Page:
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File #: 2020-0662   
Type: Consent Calendar Item Status: Agenda Ready
File created: 6/23/2020 In control: Health Services
On agenda: 7/28/2020 Final action:
Title: Sonoma County Local Mental Health, Addiction and Homeless Services Measure Transactions and Use Tax (First Reading)
Department or Agency Name(s): Health Services, Community Development Commission
Attachments: 1. Summary Report, 2. Attachment 1 - Resolution of Introduction, 3. Attachment 2 - Ordinance and Expenditure Plan, 4. Attachment 3 - Pre-Adoption Ordinance Summary, 5. Attachment 4 - Current Sales Tax Breakdown by Jurisdiction
Date Action ByActionResultAction DetailsMeeting DetailsVideo
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To: County of Sonoma Board of Supervisors and Board of Commissioners of the Community Development Commission

Department or Agency Name(s): Department of Health Services and the Sonoma County Community Development Commission

Staff Name and Phone Number: Barbie Robinson, 565-7876

Vote Requirement: Majority

Supervisorial District(s): Countywide




Sonoma County Local Mental Health, Addiction and Homeless Services Measure Transactions and Use Tax (First Reading)



Recommended Action:

Recommended action

Adopt a resolution introducing a proposed ordinance imposing a countywide 1/4 cent transactions and use tax (sales tax) in Sonoma County for Sonoma County behavioral health and homeless services and waiving further reading. (First Reading - Not ready for adoption)



Executive Summary:

On July 14, 2020 the Department of Health Services and the Sonoma County Community Development Commission presented a report to the Board on a proposed November 2020 Sonoma County Local Mental Health, Addiction and Homeless Services Measure Transactions and Use Tax Ordinance, including polling results and a draft expenditure plan. The Board directed staff to return on July 28, 2020 to introduce and waive further reading of a proposed ordinance imposing a 1/4 cent countywide transactions and use tax (sales tax) in Sonoma County for Sonoma County behavioral health and homeless services.

On May 21, 2019 the Sonoma County Board of Supervisors directed county staff to work with a consultant to develop recommendations to address the gap between the need for homeless and behavioral health services and existing available resources. Since that time, the Department of Health Services and the Community Development Commission have retained a consultant (TBWB Strategies), conducted three public opinion surveys and engaged in extensive community outreach to determine the public’s priorities and consider a possible placement of a 1/4 cent sales tax on a countywide election ballot to support these needed services. The recommendations below are consistent with the public’s priorities that were expressed during the community outreach efforts. Further, the recommendation is consistent with the Board’s previous direction to provide more efficient, effective, and sustainable behavioral health and homeless services in Sonoma County.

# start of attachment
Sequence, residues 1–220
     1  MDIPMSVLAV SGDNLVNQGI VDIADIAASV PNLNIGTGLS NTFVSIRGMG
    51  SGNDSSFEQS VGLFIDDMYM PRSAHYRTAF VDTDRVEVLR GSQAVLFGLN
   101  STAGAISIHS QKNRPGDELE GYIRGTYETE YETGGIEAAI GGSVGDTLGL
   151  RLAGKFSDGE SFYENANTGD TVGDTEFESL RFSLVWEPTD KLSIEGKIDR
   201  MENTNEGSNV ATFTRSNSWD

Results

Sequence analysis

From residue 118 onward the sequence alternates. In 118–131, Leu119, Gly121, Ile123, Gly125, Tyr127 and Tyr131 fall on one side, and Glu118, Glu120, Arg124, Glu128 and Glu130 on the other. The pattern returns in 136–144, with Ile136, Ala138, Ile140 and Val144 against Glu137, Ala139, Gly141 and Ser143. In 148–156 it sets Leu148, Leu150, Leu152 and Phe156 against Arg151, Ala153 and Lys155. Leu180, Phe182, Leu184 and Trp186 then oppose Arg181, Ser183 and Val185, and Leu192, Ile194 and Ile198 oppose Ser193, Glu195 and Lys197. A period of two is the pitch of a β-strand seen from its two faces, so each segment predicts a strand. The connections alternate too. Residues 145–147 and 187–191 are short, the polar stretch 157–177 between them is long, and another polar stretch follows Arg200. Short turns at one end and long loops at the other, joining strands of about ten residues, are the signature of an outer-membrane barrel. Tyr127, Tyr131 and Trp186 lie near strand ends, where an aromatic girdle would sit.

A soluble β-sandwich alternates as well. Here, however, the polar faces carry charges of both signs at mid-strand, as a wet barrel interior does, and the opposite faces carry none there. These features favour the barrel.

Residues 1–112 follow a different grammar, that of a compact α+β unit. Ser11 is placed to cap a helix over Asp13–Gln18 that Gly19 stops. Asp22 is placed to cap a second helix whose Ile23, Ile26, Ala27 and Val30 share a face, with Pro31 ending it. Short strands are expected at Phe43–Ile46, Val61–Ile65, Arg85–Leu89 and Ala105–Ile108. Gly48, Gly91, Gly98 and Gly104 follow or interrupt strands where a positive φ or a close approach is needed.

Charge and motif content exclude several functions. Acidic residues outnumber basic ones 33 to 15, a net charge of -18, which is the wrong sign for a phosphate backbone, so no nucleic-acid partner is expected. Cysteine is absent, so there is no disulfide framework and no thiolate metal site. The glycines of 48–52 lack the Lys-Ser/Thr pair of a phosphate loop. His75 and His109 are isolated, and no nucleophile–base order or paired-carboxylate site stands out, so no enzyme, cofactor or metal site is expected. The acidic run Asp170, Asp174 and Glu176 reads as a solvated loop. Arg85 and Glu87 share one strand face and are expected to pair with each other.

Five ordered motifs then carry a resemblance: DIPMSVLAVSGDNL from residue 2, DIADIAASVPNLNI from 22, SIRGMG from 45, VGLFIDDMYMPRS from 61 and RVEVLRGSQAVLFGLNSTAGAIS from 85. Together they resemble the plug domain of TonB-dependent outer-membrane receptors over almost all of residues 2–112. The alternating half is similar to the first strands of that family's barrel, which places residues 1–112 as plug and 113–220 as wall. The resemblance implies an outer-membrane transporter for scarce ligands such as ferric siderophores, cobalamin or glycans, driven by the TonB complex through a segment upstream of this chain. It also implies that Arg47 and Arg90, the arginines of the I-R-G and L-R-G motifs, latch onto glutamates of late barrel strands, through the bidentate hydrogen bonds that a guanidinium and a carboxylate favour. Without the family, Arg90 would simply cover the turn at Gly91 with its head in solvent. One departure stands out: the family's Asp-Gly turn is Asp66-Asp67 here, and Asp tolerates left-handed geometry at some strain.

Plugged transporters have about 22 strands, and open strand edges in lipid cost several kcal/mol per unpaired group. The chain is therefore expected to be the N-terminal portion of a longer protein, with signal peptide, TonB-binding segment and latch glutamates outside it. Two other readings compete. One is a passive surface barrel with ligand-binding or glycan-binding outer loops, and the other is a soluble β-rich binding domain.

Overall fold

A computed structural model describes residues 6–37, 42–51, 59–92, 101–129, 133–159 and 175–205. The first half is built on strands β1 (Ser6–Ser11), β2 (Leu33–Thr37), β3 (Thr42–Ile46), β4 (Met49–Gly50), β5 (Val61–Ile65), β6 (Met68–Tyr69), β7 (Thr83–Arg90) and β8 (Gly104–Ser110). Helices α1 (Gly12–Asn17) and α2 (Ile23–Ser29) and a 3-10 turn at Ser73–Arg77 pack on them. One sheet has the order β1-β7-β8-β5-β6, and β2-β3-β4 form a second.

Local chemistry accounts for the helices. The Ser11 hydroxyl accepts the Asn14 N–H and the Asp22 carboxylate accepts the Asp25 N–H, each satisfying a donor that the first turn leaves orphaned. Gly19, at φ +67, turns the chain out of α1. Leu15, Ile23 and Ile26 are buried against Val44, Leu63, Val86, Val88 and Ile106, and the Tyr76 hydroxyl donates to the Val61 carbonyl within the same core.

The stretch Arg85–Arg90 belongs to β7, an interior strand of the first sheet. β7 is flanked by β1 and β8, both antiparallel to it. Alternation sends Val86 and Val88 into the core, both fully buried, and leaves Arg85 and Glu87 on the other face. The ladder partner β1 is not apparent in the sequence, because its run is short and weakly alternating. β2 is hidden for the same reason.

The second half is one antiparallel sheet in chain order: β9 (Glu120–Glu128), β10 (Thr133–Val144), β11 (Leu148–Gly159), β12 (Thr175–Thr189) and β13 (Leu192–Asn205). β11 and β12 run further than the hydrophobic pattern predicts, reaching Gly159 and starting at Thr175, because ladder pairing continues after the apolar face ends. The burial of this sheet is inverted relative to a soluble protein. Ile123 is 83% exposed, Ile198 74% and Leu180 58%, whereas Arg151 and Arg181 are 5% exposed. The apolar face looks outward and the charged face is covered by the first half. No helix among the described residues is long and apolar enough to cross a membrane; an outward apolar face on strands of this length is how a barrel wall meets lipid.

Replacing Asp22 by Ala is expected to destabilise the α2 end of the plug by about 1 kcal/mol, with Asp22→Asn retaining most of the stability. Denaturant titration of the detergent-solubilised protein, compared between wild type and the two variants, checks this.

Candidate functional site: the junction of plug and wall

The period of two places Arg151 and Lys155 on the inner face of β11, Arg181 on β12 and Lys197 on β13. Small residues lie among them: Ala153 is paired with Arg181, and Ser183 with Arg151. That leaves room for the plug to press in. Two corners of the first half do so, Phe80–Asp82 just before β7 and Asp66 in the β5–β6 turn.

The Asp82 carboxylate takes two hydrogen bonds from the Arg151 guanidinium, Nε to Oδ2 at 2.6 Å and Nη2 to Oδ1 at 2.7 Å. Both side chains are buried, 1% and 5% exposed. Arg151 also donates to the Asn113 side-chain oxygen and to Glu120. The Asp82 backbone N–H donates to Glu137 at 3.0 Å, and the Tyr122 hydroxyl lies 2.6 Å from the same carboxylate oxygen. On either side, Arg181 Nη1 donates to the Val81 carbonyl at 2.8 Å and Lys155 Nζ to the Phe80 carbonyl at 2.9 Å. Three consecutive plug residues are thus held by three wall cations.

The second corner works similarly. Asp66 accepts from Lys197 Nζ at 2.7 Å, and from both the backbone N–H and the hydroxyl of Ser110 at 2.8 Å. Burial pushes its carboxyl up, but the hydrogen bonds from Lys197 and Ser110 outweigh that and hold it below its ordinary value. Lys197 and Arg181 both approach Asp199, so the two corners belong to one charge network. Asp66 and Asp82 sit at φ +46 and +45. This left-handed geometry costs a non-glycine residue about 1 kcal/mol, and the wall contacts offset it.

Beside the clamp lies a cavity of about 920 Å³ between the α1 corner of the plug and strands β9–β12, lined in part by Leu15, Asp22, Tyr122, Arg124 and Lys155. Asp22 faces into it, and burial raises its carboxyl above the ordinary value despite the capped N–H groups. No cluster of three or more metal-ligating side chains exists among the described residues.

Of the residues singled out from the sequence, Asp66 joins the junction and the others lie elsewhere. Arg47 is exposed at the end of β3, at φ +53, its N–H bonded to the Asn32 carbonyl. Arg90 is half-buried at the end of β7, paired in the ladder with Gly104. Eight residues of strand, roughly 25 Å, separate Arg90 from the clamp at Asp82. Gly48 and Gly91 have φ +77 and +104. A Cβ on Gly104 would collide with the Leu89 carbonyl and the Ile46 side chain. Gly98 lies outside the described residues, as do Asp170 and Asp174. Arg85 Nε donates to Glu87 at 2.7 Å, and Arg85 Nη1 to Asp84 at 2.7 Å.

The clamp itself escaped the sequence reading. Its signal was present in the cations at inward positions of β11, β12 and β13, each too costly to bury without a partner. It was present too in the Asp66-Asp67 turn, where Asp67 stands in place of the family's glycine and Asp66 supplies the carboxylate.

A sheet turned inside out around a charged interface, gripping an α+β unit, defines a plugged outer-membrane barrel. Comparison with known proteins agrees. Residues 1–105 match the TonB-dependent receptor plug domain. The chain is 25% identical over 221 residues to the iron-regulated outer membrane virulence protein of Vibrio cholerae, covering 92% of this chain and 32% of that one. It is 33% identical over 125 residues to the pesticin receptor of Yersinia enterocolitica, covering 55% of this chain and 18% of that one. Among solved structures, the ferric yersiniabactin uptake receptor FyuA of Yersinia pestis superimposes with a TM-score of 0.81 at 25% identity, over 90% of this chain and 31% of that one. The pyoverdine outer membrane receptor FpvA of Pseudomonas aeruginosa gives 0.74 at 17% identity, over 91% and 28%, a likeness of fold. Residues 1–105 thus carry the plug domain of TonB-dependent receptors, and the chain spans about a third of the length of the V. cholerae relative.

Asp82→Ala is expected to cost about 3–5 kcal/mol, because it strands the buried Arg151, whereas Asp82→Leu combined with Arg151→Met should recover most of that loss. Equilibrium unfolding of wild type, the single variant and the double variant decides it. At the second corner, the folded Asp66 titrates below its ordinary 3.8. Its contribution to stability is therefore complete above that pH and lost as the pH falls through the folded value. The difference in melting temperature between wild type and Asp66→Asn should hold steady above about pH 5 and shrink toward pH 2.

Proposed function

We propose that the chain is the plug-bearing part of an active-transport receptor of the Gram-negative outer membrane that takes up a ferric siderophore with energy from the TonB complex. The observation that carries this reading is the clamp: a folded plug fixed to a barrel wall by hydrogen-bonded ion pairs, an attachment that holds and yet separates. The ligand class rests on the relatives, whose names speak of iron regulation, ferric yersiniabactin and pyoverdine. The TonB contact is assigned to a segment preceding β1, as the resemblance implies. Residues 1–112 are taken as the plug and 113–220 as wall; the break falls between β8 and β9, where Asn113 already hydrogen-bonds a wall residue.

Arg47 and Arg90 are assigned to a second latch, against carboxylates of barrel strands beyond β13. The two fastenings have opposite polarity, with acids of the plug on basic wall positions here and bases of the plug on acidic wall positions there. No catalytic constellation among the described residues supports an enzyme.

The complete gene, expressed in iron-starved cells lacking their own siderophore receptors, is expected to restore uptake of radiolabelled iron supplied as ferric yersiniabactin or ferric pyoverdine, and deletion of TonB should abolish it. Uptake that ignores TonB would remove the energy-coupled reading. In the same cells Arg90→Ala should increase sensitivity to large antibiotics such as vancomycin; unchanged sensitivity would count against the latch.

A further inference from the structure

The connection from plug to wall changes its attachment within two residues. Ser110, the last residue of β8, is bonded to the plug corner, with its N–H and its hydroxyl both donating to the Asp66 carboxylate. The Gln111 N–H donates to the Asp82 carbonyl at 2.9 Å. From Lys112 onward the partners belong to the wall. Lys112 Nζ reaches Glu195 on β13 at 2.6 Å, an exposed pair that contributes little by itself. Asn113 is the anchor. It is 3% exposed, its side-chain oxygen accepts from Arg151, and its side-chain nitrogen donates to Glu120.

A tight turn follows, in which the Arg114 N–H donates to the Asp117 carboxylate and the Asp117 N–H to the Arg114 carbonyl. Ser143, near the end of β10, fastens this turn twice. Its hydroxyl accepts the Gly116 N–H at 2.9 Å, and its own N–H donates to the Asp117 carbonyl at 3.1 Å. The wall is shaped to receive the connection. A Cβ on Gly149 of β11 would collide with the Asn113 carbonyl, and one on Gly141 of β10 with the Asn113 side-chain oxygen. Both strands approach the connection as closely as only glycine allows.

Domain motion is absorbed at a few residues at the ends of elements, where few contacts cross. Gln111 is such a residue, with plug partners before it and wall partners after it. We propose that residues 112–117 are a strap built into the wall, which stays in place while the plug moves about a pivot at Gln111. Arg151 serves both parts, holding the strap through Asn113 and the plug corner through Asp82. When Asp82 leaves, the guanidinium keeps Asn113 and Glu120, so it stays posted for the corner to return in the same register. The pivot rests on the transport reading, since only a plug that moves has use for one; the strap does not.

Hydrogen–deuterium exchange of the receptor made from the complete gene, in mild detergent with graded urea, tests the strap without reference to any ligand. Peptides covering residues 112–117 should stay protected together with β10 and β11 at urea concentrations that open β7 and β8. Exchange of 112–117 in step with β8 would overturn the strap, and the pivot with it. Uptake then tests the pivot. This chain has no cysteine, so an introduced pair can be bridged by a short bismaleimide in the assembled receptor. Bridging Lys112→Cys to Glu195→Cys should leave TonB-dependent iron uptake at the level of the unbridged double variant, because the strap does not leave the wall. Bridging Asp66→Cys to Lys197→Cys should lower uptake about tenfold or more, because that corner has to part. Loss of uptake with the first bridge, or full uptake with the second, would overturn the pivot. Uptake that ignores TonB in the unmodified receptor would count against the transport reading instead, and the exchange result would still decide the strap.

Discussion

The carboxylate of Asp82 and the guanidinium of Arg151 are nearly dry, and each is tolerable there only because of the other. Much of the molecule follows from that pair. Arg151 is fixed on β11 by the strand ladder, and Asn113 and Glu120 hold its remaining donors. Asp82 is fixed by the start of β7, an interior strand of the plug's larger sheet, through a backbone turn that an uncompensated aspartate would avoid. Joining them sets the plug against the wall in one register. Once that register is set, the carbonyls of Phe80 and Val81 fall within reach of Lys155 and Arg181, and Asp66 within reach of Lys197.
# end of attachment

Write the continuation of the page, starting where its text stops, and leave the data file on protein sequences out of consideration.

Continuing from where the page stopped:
The actions before you include adopting a resolution to introduce and waive reading of a proposed ordinance to impose a ¼ cent countywide sales tax to provide additional revenue for Sonoma County Behavioral Health and Homeless Services, if approved by the voters on November 3, 2020. If approved by your Board, staff will return to the Board on August 4th for final adoption of the ordinance.



The Sonoma County Department of Health Services’ Behavioral Health Division is responsible for providing an array of mental health services to the County’s most vulnerable residents who suffer from serious emotional disturbance (youth) or severe mental illness (adults), along with intensive outpatient services, crisis services, medication support services, residential services, and inpatient care services. A set of funds is also set aside for prevention and early intervention services. In addition, the Behavioral Health Division is responsible for providing substance use disorder services to those residents suffering from alcohol and other substance use disorders. In 2019, the Department of Health Services provided behavioral health services to approximately 15,000 high-need individuals in the County.